[Oberon] IMPORT Modules: why does order matter?

Till Oliver Knoll till.oliver.knoll at gmail.com
Sat Mar 2 22:18:12 CET 2019

> Am 02.03.2019 um 19:50 schrieb Skulski, Wojciech <skulski at pas.rochester.edu>:
> Andreas:
>  imagine I write my own module Acquire which is reading some FPGA registers with direct addressing the FPGA, and writes the number to the system log via Out.Int(value). The only import would be Out. Do I need to import all the other stuff which you listed below?
> In previous Oberons, as well as in BlackBox,  the complete import list was not needed. Is it needed now? If so, can this new feature be fixed as it does not seem friendly?

I can answer this :)

No, you just need to import the modules which your modules directly uses, nothing more.

But if you import several modules, say Display and Oberon, then Display needs (apparently newly) to come before Oberon, as the module directly or indirectly imports Display - according to the module hierarchy.

To be clear: I am using „Oberon Core“, as available in the Mac App Store. For all I know that is based on Project Oberon 2013, and running on some RISC emulator (the RISC CPU designed for the FPGA mentioned in Niklaus Wirth‘s revised Oberon book).

At least my version of Oberon is missing now the Out module. That‘s because „Oberon Core“ is a „bare minimum“ distribution (the company offering it also has a commercial offering), or the module Out has really been deemed redundant and hence been removed in „Project Oberon 2013“ (as you can use a Texts writer and append the Text to Oberon.Log - which is what I think module Out was doing in the end.)

I am only mentioning this because if your „FPGA Oberon“ still has module Out then you might have a different compiler, too, and the import order might not even matter there.

For example the „Oberon Core“ / Project Oberon 2013 (?) compiler I use does not even have the „numerical case“ statement implemented (which is defined for the language „Oberon 07“). So it might as well be that the compiler that I am using is not „fully feature complete“, and maybe someone took a „shortcut“ in validating the IMPORTs (because from a compiler point of view it might be easier to parse/validate „if they are in order“ - unfortunately I have not yet read Wirth‘s compiler book, shame on me ;)).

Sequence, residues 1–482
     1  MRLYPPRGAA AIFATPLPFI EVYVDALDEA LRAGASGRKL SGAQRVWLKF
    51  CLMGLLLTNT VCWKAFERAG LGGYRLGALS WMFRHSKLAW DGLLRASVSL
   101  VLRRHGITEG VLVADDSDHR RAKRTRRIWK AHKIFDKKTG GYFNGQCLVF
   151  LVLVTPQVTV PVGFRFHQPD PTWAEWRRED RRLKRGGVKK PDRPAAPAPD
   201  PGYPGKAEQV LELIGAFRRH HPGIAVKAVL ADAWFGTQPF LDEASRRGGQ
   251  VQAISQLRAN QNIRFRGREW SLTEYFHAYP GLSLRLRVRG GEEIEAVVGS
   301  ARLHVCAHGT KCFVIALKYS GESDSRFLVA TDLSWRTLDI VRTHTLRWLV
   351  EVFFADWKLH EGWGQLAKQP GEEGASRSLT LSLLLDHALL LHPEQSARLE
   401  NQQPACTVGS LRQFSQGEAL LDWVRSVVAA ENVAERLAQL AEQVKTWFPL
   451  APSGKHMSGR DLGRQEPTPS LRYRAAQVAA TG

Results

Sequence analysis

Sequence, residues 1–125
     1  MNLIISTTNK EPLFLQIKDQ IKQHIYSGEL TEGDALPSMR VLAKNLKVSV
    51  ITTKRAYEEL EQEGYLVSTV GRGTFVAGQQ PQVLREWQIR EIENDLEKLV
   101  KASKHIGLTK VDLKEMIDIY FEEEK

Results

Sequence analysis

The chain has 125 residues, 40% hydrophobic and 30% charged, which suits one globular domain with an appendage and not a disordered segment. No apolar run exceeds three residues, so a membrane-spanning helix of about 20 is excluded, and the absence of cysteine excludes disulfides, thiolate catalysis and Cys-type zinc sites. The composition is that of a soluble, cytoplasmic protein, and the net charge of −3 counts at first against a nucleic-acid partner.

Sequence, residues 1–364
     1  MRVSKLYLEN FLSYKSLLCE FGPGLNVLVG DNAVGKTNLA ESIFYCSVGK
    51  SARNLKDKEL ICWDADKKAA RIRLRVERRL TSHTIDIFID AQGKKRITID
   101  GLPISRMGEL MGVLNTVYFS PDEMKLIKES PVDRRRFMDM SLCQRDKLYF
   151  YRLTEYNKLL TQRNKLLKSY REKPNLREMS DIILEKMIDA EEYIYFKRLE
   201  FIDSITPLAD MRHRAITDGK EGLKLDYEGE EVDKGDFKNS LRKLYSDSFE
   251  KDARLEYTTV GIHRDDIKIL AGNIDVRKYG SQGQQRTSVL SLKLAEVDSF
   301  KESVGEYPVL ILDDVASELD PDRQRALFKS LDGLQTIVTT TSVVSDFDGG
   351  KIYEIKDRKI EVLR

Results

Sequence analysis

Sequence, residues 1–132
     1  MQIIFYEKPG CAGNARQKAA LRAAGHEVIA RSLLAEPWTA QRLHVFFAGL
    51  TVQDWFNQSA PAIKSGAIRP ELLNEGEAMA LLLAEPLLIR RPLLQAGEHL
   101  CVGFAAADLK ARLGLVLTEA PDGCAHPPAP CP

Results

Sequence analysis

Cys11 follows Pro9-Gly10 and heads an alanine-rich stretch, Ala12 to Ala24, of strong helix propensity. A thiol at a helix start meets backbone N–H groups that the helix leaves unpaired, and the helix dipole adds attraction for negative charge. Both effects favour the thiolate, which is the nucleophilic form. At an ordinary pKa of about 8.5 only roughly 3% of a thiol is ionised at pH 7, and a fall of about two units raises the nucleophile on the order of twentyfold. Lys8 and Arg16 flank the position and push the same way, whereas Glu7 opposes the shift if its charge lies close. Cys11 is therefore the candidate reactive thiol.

So the question I still have (out of pure curiosity):

* Do others actually confirm that they get the same „wrong import order“ compiler error (really at the line of the IMPORT, as soon as the first „out of order“ module is found)?

* Is there a real technical (compiler) reason behind this, e.g. does it speed up compilation, greatly simplifies parsing or otherwise is just advanteous?

* Or is it really to „force“ the developer in the sense of „Hey! Know your modules!“

Because if the later I don‘t think that such a „validation“ helps to write better code. As it would not „scale“. Think of importing 3rd party modules. Think of if there would be dozens - well, hundreds ;) - of modules to choose from. And you are supposed to know all their dependencies?

Don‘t get me wrong, I am not trying to critisise, I am genuinely interested in the design decision here. In all simplifications done in Oberon07/2013 I do see the beauty - but not so much here yet.


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